Under the CDP supply chain program, 89 member companies, representing more than US$2.7 trillion in procurement spend, ask their suppliers to provide detailed information about their environmental impact, management systems and performance metrics. Over 4,300 participants, including Panalpina, responded to the latest survey. Under the new CDP scoring methodology introduced in 2016, companies receive a score represented by a letter and corresponding to the four levels of environmental stewardship (performance bands) and where a score A ranks highest: Disclosure (D, D-), Awareness (C, C-), Management (B, B-), and Leadership (A, A-).

Panalpina’s sustainability framework

Panalpina’s sustainability framework is divided into four pillars: customers, team, environment and community. The company’s comprehensive environmental initiative includes efforts to expand energy and greenhouse gas monitoring systems and subcontractor engagement. As part of the initiative, Panalpina also raises its employees’ awareness of environmental issues via a yearly event. During the 2016 Global Sustainable Action Week, the company held almost 400 activities in 60 locations, focusing on ways to protect the environment, but also to support the health of employees and fellow citizens, and to help local communities to grow and prosper. For customers, Panalpina launched an advanced CO2 calculation tool for their shipments in 2014. In 2015, Panalpina joined other international companies in the Science Based Targets initiative.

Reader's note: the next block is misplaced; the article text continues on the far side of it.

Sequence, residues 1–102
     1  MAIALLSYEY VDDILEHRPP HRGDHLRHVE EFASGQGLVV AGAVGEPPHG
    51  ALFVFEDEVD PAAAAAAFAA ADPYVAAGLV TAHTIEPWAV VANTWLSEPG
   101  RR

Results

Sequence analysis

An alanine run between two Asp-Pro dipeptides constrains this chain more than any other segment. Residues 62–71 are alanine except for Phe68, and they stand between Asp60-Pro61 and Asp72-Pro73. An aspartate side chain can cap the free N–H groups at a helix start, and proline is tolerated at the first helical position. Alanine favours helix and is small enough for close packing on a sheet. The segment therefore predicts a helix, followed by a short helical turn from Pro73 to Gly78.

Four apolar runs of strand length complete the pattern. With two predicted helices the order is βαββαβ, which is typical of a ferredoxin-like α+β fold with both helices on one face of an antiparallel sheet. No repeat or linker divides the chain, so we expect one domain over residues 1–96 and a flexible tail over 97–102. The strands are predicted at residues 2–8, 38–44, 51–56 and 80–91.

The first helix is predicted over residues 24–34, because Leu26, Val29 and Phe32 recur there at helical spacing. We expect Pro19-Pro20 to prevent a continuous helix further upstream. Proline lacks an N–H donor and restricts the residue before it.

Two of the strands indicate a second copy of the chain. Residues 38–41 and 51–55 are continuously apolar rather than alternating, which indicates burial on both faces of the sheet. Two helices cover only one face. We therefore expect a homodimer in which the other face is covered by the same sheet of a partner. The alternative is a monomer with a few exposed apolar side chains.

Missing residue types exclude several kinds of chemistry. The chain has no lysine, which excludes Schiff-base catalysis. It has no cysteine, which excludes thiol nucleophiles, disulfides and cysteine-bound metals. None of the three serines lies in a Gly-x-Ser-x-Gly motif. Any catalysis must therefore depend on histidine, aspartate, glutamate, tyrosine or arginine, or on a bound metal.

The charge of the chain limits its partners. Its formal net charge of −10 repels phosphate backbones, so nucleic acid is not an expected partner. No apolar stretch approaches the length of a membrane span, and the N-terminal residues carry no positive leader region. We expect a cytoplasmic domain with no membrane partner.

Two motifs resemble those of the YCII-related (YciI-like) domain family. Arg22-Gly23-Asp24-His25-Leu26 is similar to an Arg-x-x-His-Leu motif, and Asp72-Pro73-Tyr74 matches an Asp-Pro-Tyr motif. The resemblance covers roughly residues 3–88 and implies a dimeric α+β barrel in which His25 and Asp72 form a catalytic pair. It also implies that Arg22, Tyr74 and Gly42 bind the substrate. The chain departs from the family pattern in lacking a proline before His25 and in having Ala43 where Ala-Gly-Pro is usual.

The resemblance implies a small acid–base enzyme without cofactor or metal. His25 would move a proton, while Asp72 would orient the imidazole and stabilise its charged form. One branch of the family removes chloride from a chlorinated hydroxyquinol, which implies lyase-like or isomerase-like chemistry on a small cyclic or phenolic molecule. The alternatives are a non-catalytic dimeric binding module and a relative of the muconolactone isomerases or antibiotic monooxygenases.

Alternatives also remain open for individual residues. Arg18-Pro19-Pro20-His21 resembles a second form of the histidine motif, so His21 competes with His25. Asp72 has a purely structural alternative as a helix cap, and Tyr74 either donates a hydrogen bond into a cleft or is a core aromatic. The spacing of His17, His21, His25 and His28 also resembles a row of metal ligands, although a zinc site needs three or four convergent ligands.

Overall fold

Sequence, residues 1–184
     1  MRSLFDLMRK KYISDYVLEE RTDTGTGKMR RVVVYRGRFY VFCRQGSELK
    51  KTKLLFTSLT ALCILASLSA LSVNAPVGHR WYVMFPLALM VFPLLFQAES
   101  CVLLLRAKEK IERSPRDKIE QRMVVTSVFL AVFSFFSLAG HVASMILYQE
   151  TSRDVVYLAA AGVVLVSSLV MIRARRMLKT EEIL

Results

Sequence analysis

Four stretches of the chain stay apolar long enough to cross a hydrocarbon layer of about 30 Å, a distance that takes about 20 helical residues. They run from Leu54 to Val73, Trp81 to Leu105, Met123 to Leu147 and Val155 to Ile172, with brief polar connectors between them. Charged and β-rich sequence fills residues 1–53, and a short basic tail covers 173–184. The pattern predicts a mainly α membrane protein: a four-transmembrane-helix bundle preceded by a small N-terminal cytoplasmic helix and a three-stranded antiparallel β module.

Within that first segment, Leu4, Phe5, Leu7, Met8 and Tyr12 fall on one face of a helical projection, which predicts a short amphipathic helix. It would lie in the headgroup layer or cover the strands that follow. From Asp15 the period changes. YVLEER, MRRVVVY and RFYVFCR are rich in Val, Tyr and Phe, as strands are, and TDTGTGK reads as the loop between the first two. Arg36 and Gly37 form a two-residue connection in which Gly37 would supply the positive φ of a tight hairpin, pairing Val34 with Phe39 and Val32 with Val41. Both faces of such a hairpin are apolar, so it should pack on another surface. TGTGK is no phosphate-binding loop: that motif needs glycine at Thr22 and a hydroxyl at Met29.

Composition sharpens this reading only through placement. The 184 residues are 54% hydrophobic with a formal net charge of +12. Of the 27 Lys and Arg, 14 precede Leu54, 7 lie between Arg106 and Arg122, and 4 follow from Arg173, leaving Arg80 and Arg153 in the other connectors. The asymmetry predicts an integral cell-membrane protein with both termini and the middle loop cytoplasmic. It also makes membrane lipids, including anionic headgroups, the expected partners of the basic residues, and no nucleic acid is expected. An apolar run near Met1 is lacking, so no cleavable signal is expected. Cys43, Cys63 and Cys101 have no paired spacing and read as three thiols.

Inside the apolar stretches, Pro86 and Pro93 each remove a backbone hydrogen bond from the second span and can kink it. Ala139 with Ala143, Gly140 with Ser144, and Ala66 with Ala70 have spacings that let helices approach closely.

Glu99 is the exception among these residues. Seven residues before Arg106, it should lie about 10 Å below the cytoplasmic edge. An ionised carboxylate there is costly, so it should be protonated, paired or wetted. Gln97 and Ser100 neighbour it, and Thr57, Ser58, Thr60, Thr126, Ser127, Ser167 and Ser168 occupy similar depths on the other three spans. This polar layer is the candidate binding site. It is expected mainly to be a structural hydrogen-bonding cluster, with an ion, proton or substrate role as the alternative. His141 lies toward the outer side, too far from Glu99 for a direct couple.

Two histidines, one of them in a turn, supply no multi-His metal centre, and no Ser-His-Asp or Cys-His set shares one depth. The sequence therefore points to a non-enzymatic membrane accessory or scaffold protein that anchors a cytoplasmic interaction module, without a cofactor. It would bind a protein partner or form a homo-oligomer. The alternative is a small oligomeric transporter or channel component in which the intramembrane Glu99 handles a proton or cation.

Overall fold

Posted at 18:17   パーマリンク


3D printing to disrupt selected manufacturing techniques says DHL [Integrator]


DHL Trend Report '3D Printing and the Future of Supply Chains' identifies potential for new links in the supply chain
Spare parts on demand solutions, product postponement services and 3D print shops among likely applications

DHL released its latest DHL Trend Report - 3D Printing and the Future of Supply Chains. DHL has been testing a variety of both 3D printing hardware and techniques for several years and has identified applications that have potential to redefine manufacturing and supply chain strategies. While the 3D printing market is estimated to grow between US$180 billion and US$490 billion by 20251, the report however finds it will not become a substitute for mass-production but a complementary process.